3. Music listeners are louder
Finally, here is the biggest difference between consumers of music and consumers of literature: Those who listen to music seem to be, er, louder. How much more intuitive could it get? Those who listen to music enjoy going to live events, singing along to their favorite songs, screaming their hearts out, are louder than those who willingly spend their time in libraries underneath ‘Shhh’ signs. Not to mention that natural extroverts are more likely to share what they love with others– a marketing campaigner’s dream– while introverts rarely share their opinion unless asked.
But it’s not necessarily true that extroverts aren’t readers, and readers won’t share what they love with others. Earlier this month, Rainbow Rowell’s FANGIRL exploded onto the market, with online book-clubs, library hold-lists a mile deep, and thousands of reviews on Goodreads within a week of being released. Of course, the book also appealed to a certain demographic of readers– fangirls (and boys). Those who devote their lives completely to loving a story, be it book, television show, movie, or video game. They’re priceless, in terms of advertising costs– All the money in the world couldn’t buy billboards or magazine ads as effective as a fan base that creates nail art and playlists devoted to their product of interest.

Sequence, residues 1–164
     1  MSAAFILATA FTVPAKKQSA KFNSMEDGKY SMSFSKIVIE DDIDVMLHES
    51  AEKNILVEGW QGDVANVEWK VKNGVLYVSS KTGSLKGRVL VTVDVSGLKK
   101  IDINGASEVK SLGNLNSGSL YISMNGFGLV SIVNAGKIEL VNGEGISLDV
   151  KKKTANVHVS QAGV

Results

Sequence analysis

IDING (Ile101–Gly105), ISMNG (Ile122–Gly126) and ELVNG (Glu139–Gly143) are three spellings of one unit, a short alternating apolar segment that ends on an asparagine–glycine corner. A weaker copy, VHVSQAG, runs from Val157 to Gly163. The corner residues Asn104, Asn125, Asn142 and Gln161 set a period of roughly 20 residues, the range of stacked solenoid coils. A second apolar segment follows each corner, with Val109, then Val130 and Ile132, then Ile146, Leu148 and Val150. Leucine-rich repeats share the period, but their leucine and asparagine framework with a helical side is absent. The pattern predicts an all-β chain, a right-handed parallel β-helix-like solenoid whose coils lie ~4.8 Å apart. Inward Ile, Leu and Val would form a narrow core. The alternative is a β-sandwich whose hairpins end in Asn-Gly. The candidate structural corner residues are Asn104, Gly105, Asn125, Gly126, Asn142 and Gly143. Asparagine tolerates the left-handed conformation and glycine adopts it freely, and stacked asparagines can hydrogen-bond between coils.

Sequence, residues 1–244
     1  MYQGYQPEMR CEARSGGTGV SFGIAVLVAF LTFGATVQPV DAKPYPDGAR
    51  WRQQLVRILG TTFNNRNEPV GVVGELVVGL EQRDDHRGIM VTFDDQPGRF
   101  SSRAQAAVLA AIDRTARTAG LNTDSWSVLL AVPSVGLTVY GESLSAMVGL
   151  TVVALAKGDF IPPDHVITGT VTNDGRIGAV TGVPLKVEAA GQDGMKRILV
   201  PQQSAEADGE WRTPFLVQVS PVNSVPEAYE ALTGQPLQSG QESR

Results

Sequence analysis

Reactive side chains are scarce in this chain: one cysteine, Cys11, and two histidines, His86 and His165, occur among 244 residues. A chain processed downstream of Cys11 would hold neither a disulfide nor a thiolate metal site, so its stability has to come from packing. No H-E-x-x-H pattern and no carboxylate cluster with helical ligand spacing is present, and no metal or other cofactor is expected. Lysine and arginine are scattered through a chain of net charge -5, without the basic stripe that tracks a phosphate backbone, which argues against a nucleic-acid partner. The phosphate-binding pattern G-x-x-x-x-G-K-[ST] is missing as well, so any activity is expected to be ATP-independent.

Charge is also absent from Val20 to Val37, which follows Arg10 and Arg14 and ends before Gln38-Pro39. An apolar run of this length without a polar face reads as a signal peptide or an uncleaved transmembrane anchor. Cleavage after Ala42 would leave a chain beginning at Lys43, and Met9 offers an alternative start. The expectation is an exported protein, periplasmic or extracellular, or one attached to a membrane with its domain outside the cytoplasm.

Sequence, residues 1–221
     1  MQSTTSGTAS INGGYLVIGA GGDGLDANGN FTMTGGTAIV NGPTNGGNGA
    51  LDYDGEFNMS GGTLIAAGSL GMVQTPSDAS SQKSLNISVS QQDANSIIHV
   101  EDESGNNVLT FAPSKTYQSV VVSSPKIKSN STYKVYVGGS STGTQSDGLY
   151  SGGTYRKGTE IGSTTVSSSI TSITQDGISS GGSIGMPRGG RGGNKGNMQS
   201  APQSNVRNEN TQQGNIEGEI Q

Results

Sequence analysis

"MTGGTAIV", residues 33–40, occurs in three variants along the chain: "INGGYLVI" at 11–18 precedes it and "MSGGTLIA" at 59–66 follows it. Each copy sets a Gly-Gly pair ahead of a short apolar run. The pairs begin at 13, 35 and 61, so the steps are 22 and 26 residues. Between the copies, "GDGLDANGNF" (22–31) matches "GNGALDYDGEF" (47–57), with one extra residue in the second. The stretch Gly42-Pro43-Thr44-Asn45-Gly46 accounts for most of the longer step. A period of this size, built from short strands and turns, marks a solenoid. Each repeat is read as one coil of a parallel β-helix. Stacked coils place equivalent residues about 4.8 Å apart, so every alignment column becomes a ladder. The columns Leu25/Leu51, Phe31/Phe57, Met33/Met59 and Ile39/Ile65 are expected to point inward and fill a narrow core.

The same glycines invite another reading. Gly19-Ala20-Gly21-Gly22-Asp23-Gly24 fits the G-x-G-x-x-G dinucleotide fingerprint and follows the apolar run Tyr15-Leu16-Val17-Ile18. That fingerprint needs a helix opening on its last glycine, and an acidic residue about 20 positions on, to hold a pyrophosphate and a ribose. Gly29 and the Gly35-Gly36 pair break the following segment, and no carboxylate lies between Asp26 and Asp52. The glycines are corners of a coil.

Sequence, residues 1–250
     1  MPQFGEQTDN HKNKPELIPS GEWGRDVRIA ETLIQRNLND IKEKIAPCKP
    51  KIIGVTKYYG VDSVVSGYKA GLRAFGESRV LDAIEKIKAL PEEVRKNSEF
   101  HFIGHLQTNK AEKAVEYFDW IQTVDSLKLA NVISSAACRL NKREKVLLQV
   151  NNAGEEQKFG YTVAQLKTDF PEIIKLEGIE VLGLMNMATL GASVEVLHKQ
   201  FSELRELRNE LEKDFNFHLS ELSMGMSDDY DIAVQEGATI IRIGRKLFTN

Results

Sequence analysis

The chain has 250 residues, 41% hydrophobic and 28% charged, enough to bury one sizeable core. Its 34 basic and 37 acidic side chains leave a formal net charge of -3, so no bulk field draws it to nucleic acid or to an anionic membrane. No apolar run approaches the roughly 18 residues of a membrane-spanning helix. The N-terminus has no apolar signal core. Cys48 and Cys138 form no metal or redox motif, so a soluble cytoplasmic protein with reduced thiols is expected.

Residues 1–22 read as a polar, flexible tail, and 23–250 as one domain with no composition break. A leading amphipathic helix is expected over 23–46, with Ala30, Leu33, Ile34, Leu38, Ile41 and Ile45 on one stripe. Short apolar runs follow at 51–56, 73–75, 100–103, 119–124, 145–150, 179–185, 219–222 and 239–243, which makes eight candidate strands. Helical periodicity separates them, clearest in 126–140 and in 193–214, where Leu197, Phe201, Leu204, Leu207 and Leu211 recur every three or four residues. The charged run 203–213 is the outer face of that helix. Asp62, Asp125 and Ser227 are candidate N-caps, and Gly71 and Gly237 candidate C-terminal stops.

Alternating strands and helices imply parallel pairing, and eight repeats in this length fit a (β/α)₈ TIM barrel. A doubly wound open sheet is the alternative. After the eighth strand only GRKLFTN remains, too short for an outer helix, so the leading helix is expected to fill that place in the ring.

How can indie book marketers be more like music marketers?
Though FANGIRL was published by an imprint of Macmillan and is decidedly not-indie, independent authors could stand to emulate its appeal to the fans who are loud about what they like– or go their own direction in appealing to fans in the same way the indie music does. But another key may be in ease of share-ability. Websites like Goodreads and applications like Shelfari and Oyster enable readers to share recommendations with friends, but reaching audiences who don’t use those sites is essential. Books are hard to share, but poetry is easier– and live readings may appeal to the readers who are loud. Making readings more interactive – more like music performances– may be key; One poet I talked to was doing a reading last year when a member of the audience – a fan – finished the last line of the poem out loud, in sync with the poet. Like how members of the audience sing along to their favorite lines of songs.
Another press reported that at one reading, they had higher sales of stickers than books. And why not stickers? Poems are less of a time-investment than books, and a sticker is less of a monetary investment; Additionally, they not only label the fan, but stickers enable them to share their love. This is another great opportunity for authors to take a card from their indie-musician brethren and brand themselves with a distinctive logo.
By making literature easier to recognize, easy to share, and tweaking the target demographic, perhaps independent authors can enjoy the same badge-of-coolness status that indie bands enjoy.
Mik Everett is an American Regionalist novelist and essayist residing in Wichita, Kansas. She studied philosophy and English at Wichita State University, where she instructed logic before moving to Longmont, Colorado, where she opened a brick-and-mortar bookstore for independently- and locally-published literature. She helped pioneer the indie-lit movement offline, and published the book Self-Published Kindling: Memoirs Of A Homeless Bookstore Owner about her experiences. She is also the author of Turtle: The American Contrition Of Franz Ferdinand, as well as the upcoming (If A Writer Falls In Love With You) You Can Never Die and A Two-Member Universe.